Wednesday, December 16, 2009

Grand Theft Taxpayer. California outdoes itself this time.

Get your barf bag, because this is amazing.

A few days ago, the California High Speed Rail Authority presented "updated" versions of the numbers used in its analysis for the high speed rail that was approved by voters last year. The figures used to justify this project to voters turned out to be total fiction, just like many had warned.

From the
San Jose Mercury News: Ridership estimates have come down from an estimate of 55million users to 41million, and the estimates cost per ticket has come up from $55 to $105.

But don't worry, that's a GOOD thing, if you ask those in charge of this fraud, because the SPIRIT of the cause remains intact:

Authority Deputy Director Jeff Barker said while the numbers have changed, the "spirit of what the people voted for" with Proposition 1A remains the same. "What they voted for was to put $9 billion toward construction of a high-speed rail system," Barker said. "That's still what we have today. We're not asking the voters for additional money."
STUNNING. Defraud the voters using fake estimates, then tell us that the spirit lives on!
This didn't have to happen. The Reason Foundation, writing in the WSJ, pointed out the many alarming holes in the Rail Authority's plan. The assumptions were outrageous:
From the Wall Street Journal in October 2008:
The Rail Authority says the trains will carry 65 million riders each year. But the Reason Foundation's study gives a much lower estimate -- 23 million riders annually -- after looking at Japan and France, which have the world's strongest markets for rail. Neither country has achieved the kind of ridership California is predicting and both countries have far higher population densities in the cities served by their bullet trains than Los Angeles and San Francisco.
To attract riders, California's rail will have to out-compete cars and airplanes by keeping a lid on commute times and fares. To keep commutes short, the state legislature has put statutory limits on travel times. The Los Angeles-San Francisco commute, for instance, is legally required to come under two hours and 42 minutes. This is probably impossible because it would mean that the train will have to post average (not potential) speeds of 200 miles per hour, something that has not been achieved anywhere in the world, even in places whose flat topography allows for far straighter routes.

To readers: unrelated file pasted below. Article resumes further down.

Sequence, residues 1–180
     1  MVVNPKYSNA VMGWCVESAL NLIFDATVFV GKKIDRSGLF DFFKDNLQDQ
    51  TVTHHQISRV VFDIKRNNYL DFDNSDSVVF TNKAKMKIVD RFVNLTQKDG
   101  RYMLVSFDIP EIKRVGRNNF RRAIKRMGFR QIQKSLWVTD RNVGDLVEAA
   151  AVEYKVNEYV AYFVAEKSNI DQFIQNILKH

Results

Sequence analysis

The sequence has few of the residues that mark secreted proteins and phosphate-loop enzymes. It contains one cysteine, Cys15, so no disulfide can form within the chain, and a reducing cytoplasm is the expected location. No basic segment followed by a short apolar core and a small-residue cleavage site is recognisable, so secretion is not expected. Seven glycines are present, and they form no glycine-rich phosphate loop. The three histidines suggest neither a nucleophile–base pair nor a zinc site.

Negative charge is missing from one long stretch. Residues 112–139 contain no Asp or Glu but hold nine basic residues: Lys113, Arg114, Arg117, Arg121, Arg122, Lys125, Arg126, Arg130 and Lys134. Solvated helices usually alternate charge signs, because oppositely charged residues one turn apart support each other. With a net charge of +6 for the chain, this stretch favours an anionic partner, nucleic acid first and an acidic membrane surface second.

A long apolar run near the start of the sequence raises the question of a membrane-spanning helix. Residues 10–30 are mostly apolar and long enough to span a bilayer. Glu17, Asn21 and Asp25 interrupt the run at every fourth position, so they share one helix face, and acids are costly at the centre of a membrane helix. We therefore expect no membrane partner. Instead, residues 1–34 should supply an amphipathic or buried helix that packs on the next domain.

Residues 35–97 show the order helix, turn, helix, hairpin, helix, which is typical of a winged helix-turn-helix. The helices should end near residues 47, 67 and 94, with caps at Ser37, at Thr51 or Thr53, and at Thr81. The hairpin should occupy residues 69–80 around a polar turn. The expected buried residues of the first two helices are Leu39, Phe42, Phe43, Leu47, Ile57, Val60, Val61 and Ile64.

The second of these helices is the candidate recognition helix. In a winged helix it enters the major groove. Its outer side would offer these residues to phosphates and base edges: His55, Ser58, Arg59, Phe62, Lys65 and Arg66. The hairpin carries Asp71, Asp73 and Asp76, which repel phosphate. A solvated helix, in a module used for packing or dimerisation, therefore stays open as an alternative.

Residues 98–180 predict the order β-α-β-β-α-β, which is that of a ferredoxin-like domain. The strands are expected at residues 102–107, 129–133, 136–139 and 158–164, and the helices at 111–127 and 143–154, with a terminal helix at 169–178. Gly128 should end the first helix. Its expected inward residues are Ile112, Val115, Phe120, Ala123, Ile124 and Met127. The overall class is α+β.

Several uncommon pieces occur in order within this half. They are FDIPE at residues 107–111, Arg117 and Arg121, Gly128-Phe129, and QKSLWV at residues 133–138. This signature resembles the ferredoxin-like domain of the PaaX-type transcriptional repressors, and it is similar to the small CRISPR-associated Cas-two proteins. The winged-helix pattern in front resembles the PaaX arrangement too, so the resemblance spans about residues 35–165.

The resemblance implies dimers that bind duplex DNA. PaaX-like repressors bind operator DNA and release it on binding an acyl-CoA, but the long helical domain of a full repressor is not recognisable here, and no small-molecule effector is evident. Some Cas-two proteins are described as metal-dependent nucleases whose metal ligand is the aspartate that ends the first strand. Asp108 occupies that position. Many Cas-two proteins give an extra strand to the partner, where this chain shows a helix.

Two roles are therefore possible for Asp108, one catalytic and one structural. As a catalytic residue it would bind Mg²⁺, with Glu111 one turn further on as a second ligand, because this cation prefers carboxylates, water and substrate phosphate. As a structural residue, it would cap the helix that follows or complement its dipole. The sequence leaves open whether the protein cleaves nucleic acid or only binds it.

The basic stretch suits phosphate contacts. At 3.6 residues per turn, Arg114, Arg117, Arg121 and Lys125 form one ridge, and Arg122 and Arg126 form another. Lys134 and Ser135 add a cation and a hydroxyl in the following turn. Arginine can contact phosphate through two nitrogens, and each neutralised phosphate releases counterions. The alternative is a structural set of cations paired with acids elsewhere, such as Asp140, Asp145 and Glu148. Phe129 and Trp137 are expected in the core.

And as for fares, the Rail Authority is promising a $70 ticket between Los Angeles and San Francisco. This is about half of Japan's Tokyo-Osaka ($135) and France's Paris-Marseille ($140) train and far less than the $172 Amtrak charges riders traveling between New York and Washington -- all of which are shorter and, with the exception of Japan, heavily subsidized.

It seems that California is promising to build a train that is faster, cheaper, more efficient and serves more riders than any high-speed train in the world. And all it has to do to pull off this miracle is defy the laws of economics and physics.
Who knows what will happen with this proposal. Politicians and newspapers are happy to endorse this project regardless of the massive lies involved in peddling it to the public, all in the name of the "noble lie." The "noble lie" being acceptable because it's in the name of a good, popular cause.
Here's the SFChronicle's endorsement from October 8th last year. They cite concerns about ridership estimates, but are sure that the "safeguards" in the plan will make everything ok.
Yes on Prop. 1A: A 21st century Vision:
Opponents have seized on the understandable anxiety about a venture of this magnitude and have questioned everything from its cost projections to ridership estimates to its environmental benefits. In a meeting with our editorial board this week, they suggested the money would be better spent on relieving gridlock on regional roadways.
However, the fiscal safeguards on Prop. 1A were toughened substantially with the Legislature's recent passage of AB3034. It limited the amount of money that could be spent on administration or other items unrelated to construction. Also, construction could not begin on any segment of the project until it was certified that the funding for it had been secured. State funding would account for about half of the project; the balance would come from the federal government and private sources.

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